When women come to access services, the only hope she has is with service provider where she truly believes that the service provider will be empathetic and the entire process will be highly confidential. Every woman has the right to confidentiality and it is the responsibility of the service provider to maintain it. Even in the incident that I shared earlier, the reason she turned away from the service was because she felt threat to her confidentiality. I am not criticizing all the service providers here, because there are some role models who follow the code of ethics strictly and a true source of inspiration. However, still there are some who do not leave a single chance to mimic, criticize, taunt and hurt the client. Some of our fellow workers are busy gossiping about the details of the client, her various circumstances or her character. The girls and women are left with no choice but turn back and pursue unsafe abortion secretly rather than being victimized again.
JUDGMENTAL ATTITUDE OF PROVIDERS
There are ample of incidents where I remember where providers taunt service seekers particularly young women for being irresponsible in their sexual activity and blame them for the unwanted pregnancy when they come to access the services. This is the major barrier for effective service deliveries as providers can act as the gatekeepers of the services. We might have trained personnel in the techniques but their personal values and beliefs might conflict with that of providing abortion. This is because providers are also the product of patriarchal society where abortion is stigmatized.
Every judgmental provider increases the chances of unsafe abortion particularly in young women. The medical and nursing curriculum should have an understanding of gender, patriarchy and values clarification to create sensitized provider.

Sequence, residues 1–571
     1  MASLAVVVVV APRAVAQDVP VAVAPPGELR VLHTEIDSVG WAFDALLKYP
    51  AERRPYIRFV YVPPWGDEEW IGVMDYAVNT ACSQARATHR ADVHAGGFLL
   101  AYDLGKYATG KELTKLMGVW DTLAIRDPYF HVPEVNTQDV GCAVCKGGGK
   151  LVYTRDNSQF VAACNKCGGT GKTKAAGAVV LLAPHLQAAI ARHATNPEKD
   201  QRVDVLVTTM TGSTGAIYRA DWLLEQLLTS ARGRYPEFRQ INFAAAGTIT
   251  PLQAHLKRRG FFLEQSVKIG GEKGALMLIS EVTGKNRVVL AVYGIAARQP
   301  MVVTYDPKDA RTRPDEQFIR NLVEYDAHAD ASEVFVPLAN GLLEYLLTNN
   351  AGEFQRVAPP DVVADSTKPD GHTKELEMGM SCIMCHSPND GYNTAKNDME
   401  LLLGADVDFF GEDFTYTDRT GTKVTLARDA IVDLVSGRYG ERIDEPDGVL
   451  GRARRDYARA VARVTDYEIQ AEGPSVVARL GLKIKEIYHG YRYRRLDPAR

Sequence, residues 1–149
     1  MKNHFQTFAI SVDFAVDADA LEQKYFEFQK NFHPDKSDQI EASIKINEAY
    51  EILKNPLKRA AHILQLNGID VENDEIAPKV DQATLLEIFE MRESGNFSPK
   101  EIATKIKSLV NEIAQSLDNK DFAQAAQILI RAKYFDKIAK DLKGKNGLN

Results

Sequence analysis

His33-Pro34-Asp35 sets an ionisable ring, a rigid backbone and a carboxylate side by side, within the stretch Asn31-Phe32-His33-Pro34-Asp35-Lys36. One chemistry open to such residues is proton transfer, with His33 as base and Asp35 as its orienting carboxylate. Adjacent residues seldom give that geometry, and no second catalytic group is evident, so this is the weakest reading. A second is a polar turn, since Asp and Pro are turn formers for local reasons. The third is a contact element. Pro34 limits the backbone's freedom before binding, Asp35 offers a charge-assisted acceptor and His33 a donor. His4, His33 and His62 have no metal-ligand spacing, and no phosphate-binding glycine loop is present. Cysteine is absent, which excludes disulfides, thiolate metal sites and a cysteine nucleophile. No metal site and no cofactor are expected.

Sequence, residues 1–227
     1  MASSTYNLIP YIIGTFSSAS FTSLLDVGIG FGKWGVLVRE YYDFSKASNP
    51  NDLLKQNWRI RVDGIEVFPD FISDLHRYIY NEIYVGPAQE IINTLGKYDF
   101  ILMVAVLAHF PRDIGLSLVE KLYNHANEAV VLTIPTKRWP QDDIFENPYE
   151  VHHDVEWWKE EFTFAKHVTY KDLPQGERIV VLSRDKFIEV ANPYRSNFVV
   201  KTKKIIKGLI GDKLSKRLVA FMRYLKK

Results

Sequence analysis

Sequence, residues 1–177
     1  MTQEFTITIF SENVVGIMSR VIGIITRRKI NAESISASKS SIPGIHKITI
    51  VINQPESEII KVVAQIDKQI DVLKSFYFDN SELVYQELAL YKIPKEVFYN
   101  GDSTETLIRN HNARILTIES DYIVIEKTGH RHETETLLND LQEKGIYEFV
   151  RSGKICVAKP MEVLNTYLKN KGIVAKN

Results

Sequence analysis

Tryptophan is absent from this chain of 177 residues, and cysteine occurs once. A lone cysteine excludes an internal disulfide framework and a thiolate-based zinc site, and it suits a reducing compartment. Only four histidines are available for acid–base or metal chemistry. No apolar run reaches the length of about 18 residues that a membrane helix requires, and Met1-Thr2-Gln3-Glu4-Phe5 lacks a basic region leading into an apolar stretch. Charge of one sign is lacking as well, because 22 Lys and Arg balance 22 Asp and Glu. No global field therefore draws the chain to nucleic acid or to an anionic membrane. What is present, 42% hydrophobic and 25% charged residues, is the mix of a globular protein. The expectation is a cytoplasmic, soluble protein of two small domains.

While the world is still grieving with the deaths occurring due to unsafe abortion, let’s not make this situation even worse. As, providers let’s take an oath today to perform our duty with ethics placing our personal values, judgments and sentiments apart. Also, policy makers and supporting organization should focus on developing infrastructures at every level and also sensitize providers through training like Youth Advocacy Institute and value clarification sessions. As, youth champions, I have realized the utmost importance of such training and refreshers. Let’s ensure from today that every woman counts and no women would be discouraged and turned back from our door!! Let’s not force any women to place her life and health in danger. Let’s debunk the myth that health care provider are against safe abortion. But prove those health care providers are the leading advocate for access to safe abortion.
1) Government of Nepal, Ministry of Health, Department of Health Services, Abortion utilization data 2011–2016 (Kathmandu: Department of Health Services, 2016). Available at http://dohs.gov.np/publications.
2) World Health Organization, Maternal mortality in 1990–2015 (Geneva: World Health Organization, 2015)
3) J. Henerson, M. Puri, M. Blum, et al., “Effects of abortion legalization in Nepal, 2001–2010,” PLoS ONE (2013), p. e64775.
4) CREHPA, Reproductive health research policy brief no. 16, “Expanding safe abortion access: concerted efforts needed to overcome existing barriers “, April 2011.
5) Wan JU WU, Maru, Kiran Regmi and Indira Basnet, Health and Human Rights Journal, “Abortion care in Nepal, 15 years after legalization: Gaps in Acess, Equity and Quality”, June 6, 2017 vol 19, No. 1
Edited by: Smriti Thapa